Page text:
Immanence without Reductionism, Irreducibility without Mysticism: A Reexamination of David Hume on Experience, Skepticism, and Custom

Date of Award


Document Type


Degree Name

Master of Arts major in Philosophy (Option 1: Thesis)



First Advisor

Agustin Martin G. Rodriguez, PhD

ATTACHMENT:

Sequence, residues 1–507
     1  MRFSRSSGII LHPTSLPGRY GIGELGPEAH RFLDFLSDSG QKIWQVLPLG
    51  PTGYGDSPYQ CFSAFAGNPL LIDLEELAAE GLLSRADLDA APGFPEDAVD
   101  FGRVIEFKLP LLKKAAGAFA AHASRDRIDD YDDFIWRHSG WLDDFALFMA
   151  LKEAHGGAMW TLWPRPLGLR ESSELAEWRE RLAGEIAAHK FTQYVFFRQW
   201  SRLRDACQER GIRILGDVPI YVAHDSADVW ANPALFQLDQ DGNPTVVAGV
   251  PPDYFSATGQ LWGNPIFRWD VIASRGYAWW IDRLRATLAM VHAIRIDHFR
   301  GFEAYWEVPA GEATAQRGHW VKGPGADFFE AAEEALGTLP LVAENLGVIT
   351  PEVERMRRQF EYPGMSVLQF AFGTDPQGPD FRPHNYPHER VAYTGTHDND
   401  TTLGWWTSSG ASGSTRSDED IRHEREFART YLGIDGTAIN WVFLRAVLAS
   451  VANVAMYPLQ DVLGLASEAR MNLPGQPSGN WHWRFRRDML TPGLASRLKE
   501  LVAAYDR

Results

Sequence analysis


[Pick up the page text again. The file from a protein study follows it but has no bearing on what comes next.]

The history of interpretations surrounding David Hume’s epistemology has in great part resulted in a predominantly negative reputation for the thinker despite also an acknowledged significance and influence he holds in modern philosophy and various other developments of the time. Much of this has to do with the basic presupposition that he sought to employ skepticism in the name of finding a rigorous mechanistic standard of justification for human knowledge, even if to the point of atomistic extremity. Alternatives to this paradigm have indeed been put forward, but remain in some manner a relative minority to influencing the greater perception of Hume. This study hence explores both the source of uncharitable interpretations within Hume’s works on human understanding, as well as how such readings fall apart upon a closer inspection of the texts. The resulting worldview that emerge wildly differs from the dominant atomistic-mechanistic narrative, and even surpasses the implications drawn out by prior constructive readings: a radical but mitigated skeptical perspective that fearlessly internalizes the inexorable fallibility of knowledge, always taken in the immanent but irreducibly complex context of common practice and ordinary life, such as to exclude both the excessive reductionism of rigid epistemological verification and the wantonly obscure mystical tendencies of metaphysics.

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